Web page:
12. The concerns develop from the chronology. When the case opened on 23rd, the mother was represented by counsel and solicitors but elected not to attend. At the end of the day, the local authority and the mother's own counsel asked the guardian to make contact with the mother, in order to ask her to clarify her views. Mr Barrett for the J's did not join the party; indeed he objected informally to this course and to a suggestion that the guardian should bring the mother to court the next day. He made the obvious point that it would prejudice the guardian's impartiality or appearance of impartiality. He made the point that if anybody needed to ask the mother to clarify her views, it should be her own litigation team.

13. However, his objection was not heeded and the guardian did telephone mother on Monday evening and asked her to clarify her views regarding S's adoption. During the course of the discussion, and particularly the question as to how she would react to a residence order in favour of the J's, the mother:

"…initially made some serious threats to the J household such as firebombing it. She then retracted this…"

Subsequently the guardian reported the mother stating:

"…she would seek to abduct S at the first opportunity and would continue to do so, until she felt that she had been heard, and in her view S was safe."

14. This information was reported to all the lawyers on the following morning and Mr Barrett, I think, requested that it be reduced to writing. Accordingly on day two the guardian prepared a supplemental report, which was distributed on the third day prior to her oral evidence. It is from that written report that I have already quoted.

15. It is to be noted that there is nothing in the report other than a bare record of the conversation, without any assessment as to what weight should be attached to these wild words. The only other report of threats from the mother came from her own counsel, Mr Jack, who, at the commencement of each day, rose to tell the judge that he was disappointed that his client had once again elected not to attend, but then went on to tell the judge that she was threatening both, I think, the intention to burn and also the intention to abduct.

16. Submissions today have revealed that what in the judgment became a very significant aspect of the case had no evidential foundation, other than hearsay from the guardian and the mother's own counsel. It is in my judgment very significant that the threats emerged for the first time during the course of the trial, and there must be the most obvious possibility that they were either an emotional reaction to her involvement, or her inability to involve herself, in the process; alternatively, that they were purely strategic, designed to damage the J's case.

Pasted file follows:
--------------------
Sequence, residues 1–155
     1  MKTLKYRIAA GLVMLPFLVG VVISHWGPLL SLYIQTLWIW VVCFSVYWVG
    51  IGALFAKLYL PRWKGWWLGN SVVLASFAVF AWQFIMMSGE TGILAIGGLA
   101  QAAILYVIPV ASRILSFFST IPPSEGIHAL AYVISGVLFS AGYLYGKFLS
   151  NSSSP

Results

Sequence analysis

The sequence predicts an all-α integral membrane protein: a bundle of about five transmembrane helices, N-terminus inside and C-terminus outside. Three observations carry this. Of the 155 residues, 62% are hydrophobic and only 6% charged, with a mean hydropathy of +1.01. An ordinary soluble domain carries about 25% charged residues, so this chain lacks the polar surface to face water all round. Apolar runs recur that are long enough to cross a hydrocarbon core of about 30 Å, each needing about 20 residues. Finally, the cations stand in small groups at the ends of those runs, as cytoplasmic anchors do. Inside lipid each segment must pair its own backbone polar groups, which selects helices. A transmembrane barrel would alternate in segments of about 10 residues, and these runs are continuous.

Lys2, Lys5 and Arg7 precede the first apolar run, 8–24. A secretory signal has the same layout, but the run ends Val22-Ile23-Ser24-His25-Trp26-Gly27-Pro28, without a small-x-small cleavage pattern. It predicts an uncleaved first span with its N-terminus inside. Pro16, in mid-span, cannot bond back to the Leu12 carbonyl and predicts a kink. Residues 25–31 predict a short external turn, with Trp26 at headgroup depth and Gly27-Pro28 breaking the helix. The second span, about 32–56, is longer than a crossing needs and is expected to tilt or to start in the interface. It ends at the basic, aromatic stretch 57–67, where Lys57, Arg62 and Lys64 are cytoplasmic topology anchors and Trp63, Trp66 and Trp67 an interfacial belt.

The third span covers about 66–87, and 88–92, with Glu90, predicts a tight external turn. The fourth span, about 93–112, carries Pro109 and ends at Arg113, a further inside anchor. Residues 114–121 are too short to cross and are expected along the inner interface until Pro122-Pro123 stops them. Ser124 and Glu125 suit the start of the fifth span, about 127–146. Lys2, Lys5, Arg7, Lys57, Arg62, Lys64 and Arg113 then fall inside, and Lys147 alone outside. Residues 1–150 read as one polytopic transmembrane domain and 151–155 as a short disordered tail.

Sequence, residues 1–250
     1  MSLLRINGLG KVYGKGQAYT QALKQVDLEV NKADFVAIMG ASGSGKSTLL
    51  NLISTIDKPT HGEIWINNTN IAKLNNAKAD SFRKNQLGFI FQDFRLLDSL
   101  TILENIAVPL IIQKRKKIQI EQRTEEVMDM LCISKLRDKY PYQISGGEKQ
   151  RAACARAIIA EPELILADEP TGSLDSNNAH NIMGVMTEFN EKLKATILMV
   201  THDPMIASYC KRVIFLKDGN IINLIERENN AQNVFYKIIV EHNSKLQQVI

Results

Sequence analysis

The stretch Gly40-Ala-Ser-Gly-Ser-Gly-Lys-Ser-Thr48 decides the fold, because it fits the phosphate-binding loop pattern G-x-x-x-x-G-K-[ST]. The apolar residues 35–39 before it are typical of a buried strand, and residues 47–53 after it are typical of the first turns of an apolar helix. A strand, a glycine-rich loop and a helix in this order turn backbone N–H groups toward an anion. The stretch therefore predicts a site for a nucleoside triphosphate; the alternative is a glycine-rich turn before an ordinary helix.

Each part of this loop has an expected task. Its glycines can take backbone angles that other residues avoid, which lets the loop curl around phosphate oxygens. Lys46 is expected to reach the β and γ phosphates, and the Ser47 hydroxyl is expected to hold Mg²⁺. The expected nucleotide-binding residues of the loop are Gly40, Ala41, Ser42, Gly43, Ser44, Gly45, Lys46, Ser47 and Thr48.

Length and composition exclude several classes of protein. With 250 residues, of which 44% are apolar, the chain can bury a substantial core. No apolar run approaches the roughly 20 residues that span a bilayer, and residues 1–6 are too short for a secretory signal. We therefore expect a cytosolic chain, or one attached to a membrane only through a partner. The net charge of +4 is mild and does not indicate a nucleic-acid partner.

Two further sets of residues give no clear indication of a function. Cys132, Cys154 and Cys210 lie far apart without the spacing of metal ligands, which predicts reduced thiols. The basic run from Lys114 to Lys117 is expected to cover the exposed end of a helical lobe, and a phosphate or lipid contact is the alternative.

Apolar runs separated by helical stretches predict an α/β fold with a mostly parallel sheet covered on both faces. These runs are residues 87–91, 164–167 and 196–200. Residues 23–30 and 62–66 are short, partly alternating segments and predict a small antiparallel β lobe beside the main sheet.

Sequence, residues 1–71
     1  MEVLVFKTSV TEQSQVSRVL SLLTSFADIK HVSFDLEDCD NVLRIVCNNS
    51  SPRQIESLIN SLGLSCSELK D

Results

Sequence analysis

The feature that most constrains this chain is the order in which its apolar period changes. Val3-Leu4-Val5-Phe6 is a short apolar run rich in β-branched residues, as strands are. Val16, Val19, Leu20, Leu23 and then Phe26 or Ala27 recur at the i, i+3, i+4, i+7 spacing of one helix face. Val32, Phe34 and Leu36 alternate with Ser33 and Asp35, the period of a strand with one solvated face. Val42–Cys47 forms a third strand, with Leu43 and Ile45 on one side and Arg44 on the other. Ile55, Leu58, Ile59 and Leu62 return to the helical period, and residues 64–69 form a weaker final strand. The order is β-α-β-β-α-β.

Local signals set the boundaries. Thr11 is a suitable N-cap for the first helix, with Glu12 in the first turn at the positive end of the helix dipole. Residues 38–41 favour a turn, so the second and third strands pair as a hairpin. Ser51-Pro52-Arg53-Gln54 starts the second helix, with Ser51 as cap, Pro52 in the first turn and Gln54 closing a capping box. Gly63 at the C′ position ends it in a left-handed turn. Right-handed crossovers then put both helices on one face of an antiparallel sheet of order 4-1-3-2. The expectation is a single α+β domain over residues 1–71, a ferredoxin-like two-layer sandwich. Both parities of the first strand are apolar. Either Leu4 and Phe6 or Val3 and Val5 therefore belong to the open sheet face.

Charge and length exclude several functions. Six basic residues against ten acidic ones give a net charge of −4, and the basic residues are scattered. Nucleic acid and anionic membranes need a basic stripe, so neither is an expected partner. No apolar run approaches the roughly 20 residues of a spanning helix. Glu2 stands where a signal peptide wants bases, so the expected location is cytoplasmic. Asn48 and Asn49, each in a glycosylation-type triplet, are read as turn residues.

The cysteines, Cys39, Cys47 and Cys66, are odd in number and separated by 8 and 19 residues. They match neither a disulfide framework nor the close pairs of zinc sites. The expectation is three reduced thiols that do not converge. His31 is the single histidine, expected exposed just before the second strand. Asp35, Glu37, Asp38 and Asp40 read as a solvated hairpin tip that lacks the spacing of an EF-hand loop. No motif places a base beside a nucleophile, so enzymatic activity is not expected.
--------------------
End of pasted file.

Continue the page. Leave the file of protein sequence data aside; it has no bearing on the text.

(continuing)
17. Mr Barrett had no opportunity to test this in cross-examination. The judge had no opportunity to assess the mother and to make his independent judgment of whether this was just wild talk or a notice of dangerous intent. Accordingly, I am left with the anxiety that there is a fundamental risk of injustice if this appeal were simply dismissed. I think that it is unfortunate that this ingredient, emerging as it did during the course of a trial that the mother was boycotting, was elevated by the guardian in fortification of a case that was already well reasoned. In a sense the case for the local authority did not need this addition, but it was understandably added as an illustration of general emotional lability, noted by Dr Bisbey, and so came to play a central role in the expression of the judge's conclusion. For those reasons I think it would be unsafe to allow this order to go confirmed by this court. Plainly we are not in a position to substitute any alternative order. The only course open to us is to direct a re-trial. This case is extremely urgent, as recognised by Wall LJ. All we can do is to refer the re-listing to the liaison judge for the region and ask him (or her as the case may be) to ensure the earliest possible listing before a judge of suitable experience and in a court convenient to the parties. I imagine it does not necessarily have to be Chelmsford. I imagine it could be listed alternatively in Ipswich or Colchester. Priority is important; expedition is important. That is the order that I would propose.

Lord Justice Lawrence Collins:
18. I agree; but of course I add that the J's ought to understand that another judge may well come to the same conclusion and that they may be disappointed in the end.

Lord Justice Thorpe:
19. Yes, of course I associate myself entirely with that point. The case against them remains a strong one, even if the element of threat is removed altogether.

Order: Appeal allowed.